This study shows that cirrhosis of the liver is an important late complication of hematopoietic cell transplantation, with a cumulative incidence reaching 3.8% by 20 years after HCT. This figure very likely represents an underestimate of the true incidence of cirrhosis, particularly compensated cirrhosis, because the majority of long-term survivors have not been subjected to liver biopsy, even in the presence of persistently abnormal liver function tests. In the patients found to have cirrhosis, the time from transplantation to diagnosis was variable, ranging from 1 to 25 years, with approximately half of the 31 cases being diagnosed more than 10 years posttransplant. Complications of cirrhosis, including liver failure, portal hypertension, and hepatocellular carcinoma, were observed in 23 patients, and 13 of the 31 individuals have died of hepatic causes.
The major risk factor for the development of cirrhosis was chronic hepatitis C infection. Short-term studies of the natural history of hepatitis C infection after marrow transplantation have demonstrated that patients commonly have fluctuating levels of serum aminotransferases3; however, progression to cirrhosis during this time period has not been previously demonstrated. This is not surprising, because natural history studies in other patient groups, such as those with posttransfusion hepatitis, have shown that the progression of liver disease is quite delayed, with cirrhosis and hepatic decompensation commonly not developing until the second decade or later.7 34 35 We estimate that approximately 30% to 35% of our patients transplanted before 1991 became infected with hepatitis C.6 Therefore, of 860 patients surviving 10 or more years after transplantation in Seattle, 250 to 300 are likely to be chronically infected with hepatitis C and are at risk over the coming years for the development of cirrhosis and its complications.
There are few studies that examine the late course of viral hepatitis in patients who have survived more than 10 years after hematopoietic transplantation. Nontransplant childhood cancer survivors with chronic hepatitis C have not developed liver failure or hepatocellular carcinoma despite more than 14 years of follow-up,36 37 yet asymptomatic cirrhosis was observed, particularly in patients with hepatitis C and hepatitis B coinfection.36 In contrast to children treated with standard chemotherapy, many of the patients reported here presented with decompensated liver disease after a relatively short duration of follow-up (median time to diagnosis, 10.1 years posttransplant), suggesting that transplant-specific factors may be important in accelerating the course of infection. For example, patients receive myeloablative therapy before transplant, resulting in virtual absence of cellular and humoral immunity. In this setting, titers of circulating viruses can increase to very high levels.38 Also unique to the allogeneic transplant setting is the routine use of immunosuppressive drugs to prevent and treat acute and chronic GVHD. Viral titers can be elevated during immunosuppressive therapies, and an immune rebound acute hepatitis C has been described when these drugs are discontinued (usually around day 80 to 150).31 39-41 Full recovery of the immunological repertoire may not occur until 3 to 6 months posttransplant, and in patients with chronic GVHD, deficits in cellular immunity may persist for years. However, in the current analysis, we could not discern a difference between cases and controls with regard to prior GVHD or duration of immunosuppressive therapy administered after transplant.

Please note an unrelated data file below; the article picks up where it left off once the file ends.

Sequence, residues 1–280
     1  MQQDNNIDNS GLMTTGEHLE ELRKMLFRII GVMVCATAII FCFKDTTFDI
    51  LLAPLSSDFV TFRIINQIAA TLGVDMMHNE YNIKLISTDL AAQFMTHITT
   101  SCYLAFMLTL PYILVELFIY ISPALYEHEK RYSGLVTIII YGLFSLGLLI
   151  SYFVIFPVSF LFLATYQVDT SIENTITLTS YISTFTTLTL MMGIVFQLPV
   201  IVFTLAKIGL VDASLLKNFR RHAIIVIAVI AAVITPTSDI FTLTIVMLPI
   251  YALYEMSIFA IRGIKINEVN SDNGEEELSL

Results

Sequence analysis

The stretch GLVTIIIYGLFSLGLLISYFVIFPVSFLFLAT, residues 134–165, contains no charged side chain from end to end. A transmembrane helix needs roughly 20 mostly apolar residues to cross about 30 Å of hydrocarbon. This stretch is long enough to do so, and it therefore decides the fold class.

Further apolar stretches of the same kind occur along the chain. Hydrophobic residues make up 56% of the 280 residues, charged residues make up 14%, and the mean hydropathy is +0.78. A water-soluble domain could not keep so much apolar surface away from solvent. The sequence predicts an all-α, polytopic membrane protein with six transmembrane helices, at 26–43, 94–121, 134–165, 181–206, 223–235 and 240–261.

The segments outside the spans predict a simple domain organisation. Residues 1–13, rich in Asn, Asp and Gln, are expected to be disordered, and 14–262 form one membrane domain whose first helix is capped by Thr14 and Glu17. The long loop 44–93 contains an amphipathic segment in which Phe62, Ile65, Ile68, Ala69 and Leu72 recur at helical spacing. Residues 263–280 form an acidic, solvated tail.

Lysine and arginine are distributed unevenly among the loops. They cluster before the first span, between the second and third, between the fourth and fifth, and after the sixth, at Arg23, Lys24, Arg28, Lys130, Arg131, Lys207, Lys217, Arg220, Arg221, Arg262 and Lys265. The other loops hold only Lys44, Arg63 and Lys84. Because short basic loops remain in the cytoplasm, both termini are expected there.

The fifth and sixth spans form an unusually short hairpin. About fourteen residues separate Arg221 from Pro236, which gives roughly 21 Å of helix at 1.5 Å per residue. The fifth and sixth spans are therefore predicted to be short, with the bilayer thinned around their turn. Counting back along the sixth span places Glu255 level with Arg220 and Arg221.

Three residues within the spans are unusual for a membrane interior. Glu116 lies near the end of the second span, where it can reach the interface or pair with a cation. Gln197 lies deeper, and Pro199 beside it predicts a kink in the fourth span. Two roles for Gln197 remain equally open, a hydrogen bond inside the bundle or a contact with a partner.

Nonvirological factors may have contributed to the accelerated rate of progression to cirrhosis in this cohort. VOD of the liver was more commonly associated with cirrhosis cases than controls (35% v13%, P = .09). Within a few weeks of onset of VOD, liver histology commonly shows marked pericentral and sinusoidal fibrosis,42 paralleled by the appearance of circulating markers of fibrogenesis and reduction of markers of fibrolysis.43-46 There are no long term follow-up liver biopsy data available to determine whether the fibrosis resolves or persists after resolution of the clinical syndrome. In an analogous condition, hepatic VOD caused by the ingestion of pyrrolizidine alkaloids in India is associated with micronodular cirrhosis and hepatic failure in some long-term survivors.9 None of our cirrhosis patients or control subjects had a history of severe VOD, but it is possible that even the amount of liver damage associated with mild or moderate VOD may contribute to late hepatic fibrosis through activation of stellate cells and deposition of extracellular matrix.47 48 Activation of stellate cells may contribute to the progression of other liver diseases, particularly chronic viral hepatitis. Alternatively, nodular regenerative hyperplasia has been described as a sequela of pretransplant cytoreductive therapy, and this disease may also present with signs of portal hypertension.10 11
Iron overload is another well-recognized cause of hepatic fibrosis, cirrhosis, and hepatocellular carcinoma.49 50 The role of iron overload in the pathogenesis of liver disease is well established in patients with genetic hemochromatosis51 and those with thalassemia who have secondary iron overload from large numbers of red blood cell transfusions and hyperabsorption of dietary iron.52 Marrow transplant recipients who often have a long transfusional support history for hematologic malignancy or aplastic anemia commonly develop tissue iron overload, with marked hemosiderosis on liver histopathology and elevations of hepatic iron concentration on biochemical determination.33 In many cases, iron overload is disproportionate to the burden of transfusions, suggesting prolonged ineffective erthropoiesis and increased absorption of iron. The role of hepatic iron overload in the production of late liver damage and fibrosis in the marrow transplant setting has not been established, but experience in patients with chronic hepatitis C suggests that iron overload is an important cofactor in progressive hepatic fibrosis and that phlebotomy may lead to improvement.